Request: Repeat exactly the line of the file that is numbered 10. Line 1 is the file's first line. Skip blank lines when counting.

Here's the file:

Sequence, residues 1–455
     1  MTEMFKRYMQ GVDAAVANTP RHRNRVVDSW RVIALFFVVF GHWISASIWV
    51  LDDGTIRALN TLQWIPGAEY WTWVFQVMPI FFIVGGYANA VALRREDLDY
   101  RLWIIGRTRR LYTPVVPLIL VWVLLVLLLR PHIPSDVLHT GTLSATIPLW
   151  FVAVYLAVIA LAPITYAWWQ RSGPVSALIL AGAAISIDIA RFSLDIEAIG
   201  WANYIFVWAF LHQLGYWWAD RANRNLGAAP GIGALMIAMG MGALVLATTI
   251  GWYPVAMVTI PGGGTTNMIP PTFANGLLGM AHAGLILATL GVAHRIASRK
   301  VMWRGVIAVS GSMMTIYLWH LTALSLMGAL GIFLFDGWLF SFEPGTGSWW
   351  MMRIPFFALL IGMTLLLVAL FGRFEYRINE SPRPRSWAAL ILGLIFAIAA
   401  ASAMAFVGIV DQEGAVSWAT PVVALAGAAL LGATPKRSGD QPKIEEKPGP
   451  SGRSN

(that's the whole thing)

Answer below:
   401  ASAMAFVGIV DQEGAVSWAT PVVALAGAAL LGATPKRSGD QPKIEEKPGP